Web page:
The Attic (a name which commemorates our first physical location) is, first and foremost, a site for the research students of the School of Museum Studies at the University of Leicester: a virtual community which aims to include all students, be they campus-based and full-time, or distance-learning and overseas. But we welcome contributions from students of museum studies - and allied subject areas - from outside the School and from around the world. Here you will find a lot of serious stuff, like exhibition and research seminar reviews, conference alerts and calls for papers, but there's also some 'fluff'; the things that inspire, distract and keep us going. After all, while we may be dead serious academic types, we're human too.

Friday, January 22, 2010

Museums and the Market (Leeds, 10-11 Sept 10)

MGHG Annual Conference, Sept 10th and 11th 2010
Leeds City Museum


Ever since the historian Frank Herrmann first directed attention to the important role that the market has played in the changing fashions for collecting, in his The English as Collectors (1972) (recently republished, in 1999, by Oak Knoll Press), it has become increasingly clear that the market has been no mere ancillary factor in the history of museums and the development of their collections. A real interest has recently re-emerged in
questions of the influence of the market on how we understand, consume, interpret and value objects. These developments can be seen as a part of the drive for an ever deeper contextualisation that emerged as part of the "New Museology" in the 1980s. This "market turn", if we can suggest that such a shift in academic focus is occurring, offers the exciting prospect of a reinvestigation of the historiography of museums and their collections. In the history of nearly every museum there has been a significant engagement with the wider market structures and yet these engagements rarely feature in the interpretation of the history of the objects as we encounter them in the modern museum. Indeed, whilst relevant studies have often focused on the art market, it is increasingly clear that other markets, such as those pertaining to natural history and specimen collecting, scientific instruments and the collecting and display of archaeological artefacts, are also part of the museum's engagement with market structures. The historiography of collections illustrates this engagement, reflecting the changing relationships between curatorial interests and the wider field of consumption. It is therefore appropriate, given the current academic interest in the commercial aspects of the history of collections and the wide range of objects that museums collect, interpret and display, to look anew at the role played by commerce in museum acquisition practices. Can such an approach offer a different way of interpreting collecting and the individual objects in museum collections? Why has the role of the market often been downplayed, ignored, oreven suppressed in museums? Could an approach to interpretation that includes reference to the market help the visitor to understand why specific collections have been assembled? This conference proposal, therefore, focuses on the intersections, the formal and informal spaces where the market and the museum meet and overlap.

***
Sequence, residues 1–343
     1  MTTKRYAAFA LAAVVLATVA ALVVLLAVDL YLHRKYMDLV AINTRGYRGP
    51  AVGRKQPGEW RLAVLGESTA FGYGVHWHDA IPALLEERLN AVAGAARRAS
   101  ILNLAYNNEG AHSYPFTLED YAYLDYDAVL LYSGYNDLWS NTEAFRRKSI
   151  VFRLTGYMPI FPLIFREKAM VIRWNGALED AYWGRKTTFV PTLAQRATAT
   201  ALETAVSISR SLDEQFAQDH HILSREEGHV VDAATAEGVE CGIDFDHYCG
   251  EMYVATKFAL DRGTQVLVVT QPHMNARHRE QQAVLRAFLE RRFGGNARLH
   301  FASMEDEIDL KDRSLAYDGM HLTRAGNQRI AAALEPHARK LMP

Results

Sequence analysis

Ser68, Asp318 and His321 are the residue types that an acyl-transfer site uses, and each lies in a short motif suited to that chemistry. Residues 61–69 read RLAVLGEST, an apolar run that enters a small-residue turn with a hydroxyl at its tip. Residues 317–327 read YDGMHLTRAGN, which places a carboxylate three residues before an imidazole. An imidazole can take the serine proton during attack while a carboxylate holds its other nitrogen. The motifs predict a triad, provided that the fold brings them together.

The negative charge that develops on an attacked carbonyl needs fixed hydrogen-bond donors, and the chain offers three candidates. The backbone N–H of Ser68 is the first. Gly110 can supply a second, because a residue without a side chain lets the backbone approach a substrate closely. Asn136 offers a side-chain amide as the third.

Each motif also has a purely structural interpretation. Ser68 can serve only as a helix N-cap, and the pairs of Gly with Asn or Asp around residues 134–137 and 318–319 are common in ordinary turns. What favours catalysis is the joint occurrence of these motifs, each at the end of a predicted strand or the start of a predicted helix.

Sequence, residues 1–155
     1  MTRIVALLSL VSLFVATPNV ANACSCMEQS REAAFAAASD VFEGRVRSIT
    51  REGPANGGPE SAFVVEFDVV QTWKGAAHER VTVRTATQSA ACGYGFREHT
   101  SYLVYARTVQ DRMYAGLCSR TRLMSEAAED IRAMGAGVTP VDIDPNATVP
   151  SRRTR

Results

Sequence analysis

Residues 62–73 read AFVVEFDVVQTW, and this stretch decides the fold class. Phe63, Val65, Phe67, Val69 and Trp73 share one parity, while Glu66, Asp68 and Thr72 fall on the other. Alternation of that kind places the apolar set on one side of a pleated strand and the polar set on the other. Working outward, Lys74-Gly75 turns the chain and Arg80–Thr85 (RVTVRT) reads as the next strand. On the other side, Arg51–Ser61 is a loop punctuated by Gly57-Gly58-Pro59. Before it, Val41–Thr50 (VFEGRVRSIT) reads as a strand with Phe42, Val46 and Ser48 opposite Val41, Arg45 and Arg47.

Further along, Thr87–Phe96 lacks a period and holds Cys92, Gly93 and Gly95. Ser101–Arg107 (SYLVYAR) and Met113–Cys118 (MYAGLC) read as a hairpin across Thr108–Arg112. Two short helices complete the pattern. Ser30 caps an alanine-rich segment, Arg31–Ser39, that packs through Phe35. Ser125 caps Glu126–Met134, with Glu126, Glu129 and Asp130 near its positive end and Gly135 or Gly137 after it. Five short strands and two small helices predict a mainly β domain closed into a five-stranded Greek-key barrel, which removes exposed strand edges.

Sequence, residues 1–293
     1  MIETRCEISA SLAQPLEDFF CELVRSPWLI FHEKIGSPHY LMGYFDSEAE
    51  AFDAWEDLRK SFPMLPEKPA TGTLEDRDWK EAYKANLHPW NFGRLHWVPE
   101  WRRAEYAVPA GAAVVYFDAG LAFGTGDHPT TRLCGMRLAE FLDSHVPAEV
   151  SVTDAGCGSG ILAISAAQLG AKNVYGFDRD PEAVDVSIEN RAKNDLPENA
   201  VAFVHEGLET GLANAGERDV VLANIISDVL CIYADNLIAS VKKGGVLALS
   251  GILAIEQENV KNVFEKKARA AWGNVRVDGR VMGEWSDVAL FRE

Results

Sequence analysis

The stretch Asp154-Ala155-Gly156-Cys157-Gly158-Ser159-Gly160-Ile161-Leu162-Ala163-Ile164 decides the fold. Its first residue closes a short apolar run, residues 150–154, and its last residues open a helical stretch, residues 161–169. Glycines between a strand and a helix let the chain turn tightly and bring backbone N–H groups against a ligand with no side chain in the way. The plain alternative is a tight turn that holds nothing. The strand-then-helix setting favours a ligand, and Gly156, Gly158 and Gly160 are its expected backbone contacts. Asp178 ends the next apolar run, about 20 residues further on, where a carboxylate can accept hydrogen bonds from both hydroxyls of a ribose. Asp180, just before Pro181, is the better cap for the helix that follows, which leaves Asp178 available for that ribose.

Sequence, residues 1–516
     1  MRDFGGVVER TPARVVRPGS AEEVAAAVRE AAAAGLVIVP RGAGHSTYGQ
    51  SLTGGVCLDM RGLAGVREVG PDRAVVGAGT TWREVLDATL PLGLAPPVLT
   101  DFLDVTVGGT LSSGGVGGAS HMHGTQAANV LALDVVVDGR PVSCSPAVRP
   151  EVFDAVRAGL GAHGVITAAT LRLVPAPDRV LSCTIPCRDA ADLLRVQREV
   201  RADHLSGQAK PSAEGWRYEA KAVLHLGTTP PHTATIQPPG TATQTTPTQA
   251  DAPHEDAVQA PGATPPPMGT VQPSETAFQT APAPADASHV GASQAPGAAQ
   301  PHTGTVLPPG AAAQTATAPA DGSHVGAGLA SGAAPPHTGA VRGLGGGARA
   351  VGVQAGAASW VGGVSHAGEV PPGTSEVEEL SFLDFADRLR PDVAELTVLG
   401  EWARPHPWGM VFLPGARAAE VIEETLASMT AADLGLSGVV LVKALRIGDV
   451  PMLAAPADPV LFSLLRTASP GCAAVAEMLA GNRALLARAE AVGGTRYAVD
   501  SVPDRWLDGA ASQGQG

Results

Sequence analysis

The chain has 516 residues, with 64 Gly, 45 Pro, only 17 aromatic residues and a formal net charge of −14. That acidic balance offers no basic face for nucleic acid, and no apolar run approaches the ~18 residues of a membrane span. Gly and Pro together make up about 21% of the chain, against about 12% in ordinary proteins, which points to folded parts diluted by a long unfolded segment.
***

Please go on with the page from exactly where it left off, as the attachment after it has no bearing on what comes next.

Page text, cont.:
The conference invites papers on themes such as;

-The role of agents and dealers in the development of museum collections.

-The intersections between the market, the museum and evolving discourses; art history, the history of science and museography/museology.

-The market and its relationship to the role of patronage and philanthropy in the museum.

-The influence of the market in the history of museum practice; for example the developing influence of the blockbuster exhibition.

-The role of museums, galleries and heritage in local and national economies; for example in culturalled economic regeneration.

-The relationship between museums/heritage, the market and evolving national and international legislation; for example restrictions on the ownership, movement and circulation of cultural property, such as the Waverley Criteria.

-The relationships between museums/galleries and contemporary commodity culture.

We invite papers on a wide range of museums, galleries and collections, such as: fine art; decorative art; natural history; social history; industrial history; local history; heritage; military history; anthropology and science collections. (this list is by no means meant to be exhaustive).

We also invite session proposals which map onto the themes listed above. For example we are hoping to have a session which, due to the location of the 2010 conference, considers the history of museums and the market in Leeds, 1830-1930. Session proposals should include a brief outline of the session (300 words) as well as threeor four abstracts (300 words each) for the proposed session.

Please send a 300 word abstract for proposed papers to Dr Mark Westgarth and Dr Abigail Harrison Moore, School of Fine Art, History of Art and Cultural Studies, University of Leeds, Leeds, LS2 9JT.

Closing date for papers: 1st February 2010.

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